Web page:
great grandson of preachers. Yes, I see the church as the 
     body of Christ. But, oh! How we have blemished and scarred 
     that body through social neglect and through fear of being 
       There was a time when the church was very powerful--in the 
     time when the early Christians rejoiced at being deemed 
     worthy to suffer for what they believed. In those days the 
     church was not merely a thermometer that recorded the ideas 
     and principles of popular opinion; it was a thermostat that 
     transformed the mores of society. Whenever the early 
     Christians entered a town, the people in power became 
     disturbed and immediately sought to convict the Christians 
     for being ``disturbers of the peace'' and ``outside 
     agitators.'' But the Christians pressed on, in the conviction 
     that they were ``a colony of heaven,'' called to obey God 
     rather than man. Small in number, they were big in 
     commitment. They were too God-intoxicated to be 
     ``astronomically intimidated.'' By their effort and example 
     they brought an end to such ancient evils as infanticide and 
     gladiatorial contests. Things are different now. So often the 
     contemporary church is a weak, ineffectual voice with an 
     uncertain sound. So often it is an archdefender of the status 
     quo. Far from being disturbed by the presence of the church, 
     the power structure of the average community is consoled by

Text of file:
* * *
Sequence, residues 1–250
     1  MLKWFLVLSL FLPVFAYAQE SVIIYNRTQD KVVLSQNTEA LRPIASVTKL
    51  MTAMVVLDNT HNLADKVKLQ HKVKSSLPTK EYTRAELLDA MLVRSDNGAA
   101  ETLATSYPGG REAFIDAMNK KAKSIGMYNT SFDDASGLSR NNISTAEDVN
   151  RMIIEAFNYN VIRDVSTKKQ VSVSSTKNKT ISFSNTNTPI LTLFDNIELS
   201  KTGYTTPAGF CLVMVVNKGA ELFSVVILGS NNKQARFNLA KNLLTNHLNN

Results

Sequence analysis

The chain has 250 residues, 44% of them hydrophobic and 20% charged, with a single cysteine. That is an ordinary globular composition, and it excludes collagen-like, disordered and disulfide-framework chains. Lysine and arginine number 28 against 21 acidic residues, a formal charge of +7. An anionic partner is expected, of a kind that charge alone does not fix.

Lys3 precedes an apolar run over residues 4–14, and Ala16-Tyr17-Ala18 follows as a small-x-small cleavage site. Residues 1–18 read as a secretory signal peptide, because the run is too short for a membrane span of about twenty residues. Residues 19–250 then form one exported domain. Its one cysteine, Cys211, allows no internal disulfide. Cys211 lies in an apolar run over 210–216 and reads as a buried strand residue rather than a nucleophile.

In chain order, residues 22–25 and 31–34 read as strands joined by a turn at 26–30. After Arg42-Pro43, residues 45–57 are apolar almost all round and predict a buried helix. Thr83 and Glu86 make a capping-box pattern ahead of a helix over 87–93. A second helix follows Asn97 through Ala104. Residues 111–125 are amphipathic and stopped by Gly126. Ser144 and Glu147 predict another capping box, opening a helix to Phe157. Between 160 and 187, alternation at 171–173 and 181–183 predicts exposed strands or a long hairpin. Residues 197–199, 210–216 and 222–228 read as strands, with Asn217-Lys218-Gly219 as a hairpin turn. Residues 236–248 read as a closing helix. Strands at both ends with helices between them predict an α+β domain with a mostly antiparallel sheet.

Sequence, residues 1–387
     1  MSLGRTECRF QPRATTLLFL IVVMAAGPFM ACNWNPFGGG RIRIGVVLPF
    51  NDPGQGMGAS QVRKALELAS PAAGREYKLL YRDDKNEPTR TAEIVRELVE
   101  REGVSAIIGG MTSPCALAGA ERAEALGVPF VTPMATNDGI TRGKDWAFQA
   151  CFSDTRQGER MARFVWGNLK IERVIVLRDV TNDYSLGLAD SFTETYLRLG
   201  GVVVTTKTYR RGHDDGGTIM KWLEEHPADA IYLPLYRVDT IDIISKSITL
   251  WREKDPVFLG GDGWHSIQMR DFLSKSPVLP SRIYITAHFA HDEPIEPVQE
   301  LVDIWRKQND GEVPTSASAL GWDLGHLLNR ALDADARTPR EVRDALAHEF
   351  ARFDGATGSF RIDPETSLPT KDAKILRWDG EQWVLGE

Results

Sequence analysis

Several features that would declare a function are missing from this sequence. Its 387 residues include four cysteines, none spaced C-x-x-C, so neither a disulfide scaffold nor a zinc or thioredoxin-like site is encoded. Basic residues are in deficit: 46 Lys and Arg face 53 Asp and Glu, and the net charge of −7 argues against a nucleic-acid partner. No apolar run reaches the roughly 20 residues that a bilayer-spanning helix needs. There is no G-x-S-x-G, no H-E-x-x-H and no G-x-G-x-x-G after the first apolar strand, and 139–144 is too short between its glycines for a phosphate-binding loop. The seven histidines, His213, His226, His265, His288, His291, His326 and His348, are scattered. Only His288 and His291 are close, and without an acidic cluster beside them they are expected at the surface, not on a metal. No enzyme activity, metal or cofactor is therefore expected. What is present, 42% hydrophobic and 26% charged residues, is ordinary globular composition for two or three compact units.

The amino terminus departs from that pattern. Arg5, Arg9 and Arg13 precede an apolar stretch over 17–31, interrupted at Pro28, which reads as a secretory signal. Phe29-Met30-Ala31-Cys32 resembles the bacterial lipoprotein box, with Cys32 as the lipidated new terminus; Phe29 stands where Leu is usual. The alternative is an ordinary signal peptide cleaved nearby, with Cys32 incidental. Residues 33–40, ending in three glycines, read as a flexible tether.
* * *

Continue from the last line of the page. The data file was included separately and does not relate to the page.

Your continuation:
the church's silent--and often even vocal--sanction of things 
     as they are.
       But the judgment of God is upon the church as never before. 
     If today's church does not recapture the sacrificial spirit 
     of the early church, it will lose its authenticity, forfeit 
     the loyalty of millions, and be dismissed as an irrelevant 
     social club with no meaning for the twentieth century. Every 
     day I meet young people whose disappointment with the church 
     has turned into outright disgust. Perhaps I have once again 
     been too optimistic. Is organized religion too inextricably 
     bound to the status quo to save our nation and the world?
       Perhaps I must turn my faith to the inner spiritual church, 
     the church within the church, as the true ekklesia and the 
     hope of the world. But again I am thankful to God that some 
     noble souls from the ranks of organized religion have broken 
     loose from the paralyzing chains of conformity and joined us 
     as active partners in the struggle for freedom. They have 
     left their secure congregations and walked the streets of